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SBD/August 26, 2014/Media
App Review: MLB At The Ballpark A Handy Companion For Gameday
Published August 26, 2014
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SAFE AT HOME: As I approached Citizen's Bank Park, I opened At the Ballpark and purchased a ticket to the Phillies' home game against the Cardinals -- a process that took less than five minutes from start to finish. This was a bit longer than expected, but not long enough to be a deterrent. At the gate, my mobile ticket was successfully scanned, and I checked into the ballpark via the app's built-in iBeacon technology. This instantly unlocked two special offers -- a free hotdog and soda, and a discount on Phillies merchandise. I quickly located the check-in desk, received my voucher and redeemed my free meal. Not a bad start. Checking into the game also unlocked in-game highlights. There were seven for Sunday’s game that populated in a timely fashion, but not quickly enough to call them instant replays. From my seat, I tested the app’s food delivery feature. Although I had saved my credit card to the app during the ticket-purchasing step, I had to re-enter the information. This was irritating. Once I placed the order, however, two bottles of water and a foam finger were delivered to me in what felt like four minutes. Success. Elsewhere in the app, a map feature displays the locations of all the ballpark's amenities -- from concessions to restrooms to merchandise. Users can search this feature by keyword to find exactly what they want. Typing in popcorn will pull up the stands that sell it. This is definitely a useful tool that prevents "stadium circling syndrome." The app also features a ballpark guide with everything a fan would need to know, including directions, parking and fun facts. Lastly, a journal feature keeps track of a fan’s ballpark visits (via iBeacon check-in), photos, and the fan’s win-loss record while at the parks. Photos can be conveniently shared to social accounts. With the Phillies winning 7-1 on Sunday, I am currently batting 1.000 in At the Ballpark.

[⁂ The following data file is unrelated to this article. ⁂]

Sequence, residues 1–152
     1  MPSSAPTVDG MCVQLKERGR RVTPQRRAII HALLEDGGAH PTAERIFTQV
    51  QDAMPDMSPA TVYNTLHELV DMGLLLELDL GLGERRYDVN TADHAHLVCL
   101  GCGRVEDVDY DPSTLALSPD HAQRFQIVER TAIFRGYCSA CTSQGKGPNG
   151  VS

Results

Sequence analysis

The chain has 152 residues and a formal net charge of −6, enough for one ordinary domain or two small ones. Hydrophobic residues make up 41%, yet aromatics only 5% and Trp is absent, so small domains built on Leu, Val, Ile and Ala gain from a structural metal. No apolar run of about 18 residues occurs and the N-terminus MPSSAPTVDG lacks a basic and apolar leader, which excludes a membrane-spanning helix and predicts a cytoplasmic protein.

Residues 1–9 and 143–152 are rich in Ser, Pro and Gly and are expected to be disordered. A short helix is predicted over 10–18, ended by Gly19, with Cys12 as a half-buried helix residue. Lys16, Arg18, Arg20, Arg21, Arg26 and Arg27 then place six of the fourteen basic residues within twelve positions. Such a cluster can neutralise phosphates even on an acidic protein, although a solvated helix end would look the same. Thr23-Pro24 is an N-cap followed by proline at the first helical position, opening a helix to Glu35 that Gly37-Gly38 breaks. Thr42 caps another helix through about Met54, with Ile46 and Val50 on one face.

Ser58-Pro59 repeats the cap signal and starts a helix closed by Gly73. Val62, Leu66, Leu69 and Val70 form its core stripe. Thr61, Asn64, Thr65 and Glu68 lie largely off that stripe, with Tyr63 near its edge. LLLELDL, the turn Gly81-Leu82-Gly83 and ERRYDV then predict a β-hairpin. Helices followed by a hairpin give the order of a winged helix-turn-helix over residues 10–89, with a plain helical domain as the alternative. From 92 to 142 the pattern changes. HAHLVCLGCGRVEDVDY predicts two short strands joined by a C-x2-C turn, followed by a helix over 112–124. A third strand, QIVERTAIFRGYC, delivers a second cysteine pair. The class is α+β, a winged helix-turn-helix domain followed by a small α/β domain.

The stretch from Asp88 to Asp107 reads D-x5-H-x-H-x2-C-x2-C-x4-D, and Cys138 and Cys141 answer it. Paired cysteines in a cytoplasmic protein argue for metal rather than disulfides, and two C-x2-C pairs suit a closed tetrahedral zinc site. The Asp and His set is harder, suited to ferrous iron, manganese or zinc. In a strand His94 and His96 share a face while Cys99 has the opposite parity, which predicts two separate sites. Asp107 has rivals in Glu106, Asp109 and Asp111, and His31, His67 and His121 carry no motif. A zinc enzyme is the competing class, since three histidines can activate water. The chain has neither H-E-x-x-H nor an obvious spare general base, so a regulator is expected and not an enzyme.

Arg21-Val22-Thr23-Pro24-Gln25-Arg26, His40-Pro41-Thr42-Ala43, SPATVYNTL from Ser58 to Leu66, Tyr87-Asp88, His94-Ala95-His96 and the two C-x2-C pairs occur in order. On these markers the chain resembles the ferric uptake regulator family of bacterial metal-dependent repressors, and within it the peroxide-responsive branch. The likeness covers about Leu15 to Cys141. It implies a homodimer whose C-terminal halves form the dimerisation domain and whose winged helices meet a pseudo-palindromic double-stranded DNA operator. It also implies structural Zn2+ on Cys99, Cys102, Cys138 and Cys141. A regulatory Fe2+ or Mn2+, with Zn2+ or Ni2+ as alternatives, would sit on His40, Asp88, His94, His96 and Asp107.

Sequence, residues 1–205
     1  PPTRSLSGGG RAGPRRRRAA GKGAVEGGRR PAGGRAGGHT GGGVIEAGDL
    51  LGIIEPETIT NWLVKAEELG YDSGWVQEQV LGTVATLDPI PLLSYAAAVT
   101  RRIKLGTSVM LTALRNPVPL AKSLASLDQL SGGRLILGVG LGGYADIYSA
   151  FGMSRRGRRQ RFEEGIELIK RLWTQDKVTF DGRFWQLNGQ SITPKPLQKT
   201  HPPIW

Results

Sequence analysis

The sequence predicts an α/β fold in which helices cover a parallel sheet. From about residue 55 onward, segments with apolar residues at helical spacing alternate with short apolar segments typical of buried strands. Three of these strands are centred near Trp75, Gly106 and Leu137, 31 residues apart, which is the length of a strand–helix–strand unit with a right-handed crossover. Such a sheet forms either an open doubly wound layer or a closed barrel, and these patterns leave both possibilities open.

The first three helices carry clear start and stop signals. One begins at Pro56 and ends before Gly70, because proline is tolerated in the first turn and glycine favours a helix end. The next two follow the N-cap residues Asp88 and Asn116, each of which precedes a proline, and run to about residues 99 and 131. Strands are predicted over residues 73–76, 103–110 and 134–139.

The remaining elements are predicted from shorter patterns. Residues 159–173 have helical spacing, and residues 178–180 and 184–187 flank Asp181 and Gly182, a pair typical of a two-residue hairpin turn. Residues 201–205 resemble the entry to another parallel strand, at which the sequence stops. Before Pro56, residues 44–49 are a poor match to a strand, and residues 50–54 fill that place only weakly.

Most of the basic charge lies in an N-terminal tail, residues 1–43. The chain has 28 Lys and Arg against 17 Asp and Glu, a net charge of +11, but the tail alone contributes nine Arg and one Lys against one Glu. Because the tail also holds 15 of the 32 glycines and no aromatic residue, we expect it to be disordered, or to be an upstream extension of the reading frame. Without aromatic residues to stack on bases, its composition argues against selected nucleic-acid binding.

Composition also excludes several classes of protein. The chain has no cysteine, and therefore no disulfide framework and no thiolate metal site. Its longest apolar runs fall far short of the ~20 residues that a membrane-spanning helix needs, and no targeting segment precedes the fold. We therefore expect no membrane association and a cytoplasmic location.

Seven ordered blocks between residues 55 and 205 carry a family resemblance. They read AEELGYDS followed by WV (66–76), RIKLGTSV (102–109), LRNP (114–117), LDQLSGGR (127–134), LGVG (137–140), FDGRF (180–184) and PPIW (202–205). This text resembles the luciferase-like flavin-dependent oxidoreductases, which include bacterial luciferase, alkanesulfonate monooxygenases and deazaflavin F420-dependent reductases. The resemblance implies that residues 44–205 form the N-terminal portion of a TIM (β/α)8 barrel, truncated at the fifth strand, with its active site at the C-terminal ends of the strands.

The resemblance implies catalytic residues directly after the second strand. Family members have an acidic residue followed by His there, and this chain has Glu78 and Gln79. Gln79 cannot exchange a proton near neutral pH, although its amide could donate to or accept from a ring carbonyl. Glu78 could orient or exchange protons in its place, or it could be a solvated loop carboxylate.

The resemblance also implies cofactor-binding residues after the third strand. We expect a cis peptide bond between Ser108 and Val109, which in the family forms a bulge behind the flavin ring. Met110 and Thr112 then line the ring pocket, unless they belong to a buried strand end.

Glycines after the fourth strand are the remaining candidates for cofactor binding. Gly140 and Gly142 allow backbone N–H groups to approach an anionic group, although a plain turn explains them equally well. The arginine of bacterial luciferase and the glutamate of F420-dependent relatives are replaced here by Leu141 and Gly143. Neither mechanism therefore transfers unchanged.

CALLED FOR A BALK: After saving credit card information once, I felt that I should not have to enter it again. Similarly, once I had logged into my MLB.com account once, I should have remained logged in throughout my experience. There were three separate user ID and password log-ins required between purchasing tickets, downloading tickets and ordering food. These things should require only one log-in and one form.
BOTTOM LINE: A cheery companion to game-day, MLB delivers many conveniences with At the Ballpark. Most elements of the experience are smooth and intuitive, but streamlining the data collection process is recommended to make the experience more current. There are not enough reviews on iTunes to constitute a rating, but I give At the Ballpark 3.5 stars. There is certainly room for growth, particularly in the ways fans can interact with the app and each other. I would have ventured to other places, or even competed with other fans to unlock additional offers. It would also be nice to see if there is anyone I know at the game based on user check-ins. With the second phase of iBeacon technology beginning to roll out across ballparks, maybe my wishes will be granted.
Amie Sheridan (email@example.com) is a freelance writer in Philadelphia.
See Sheridan's previous App Review submissions for THE DAILY:
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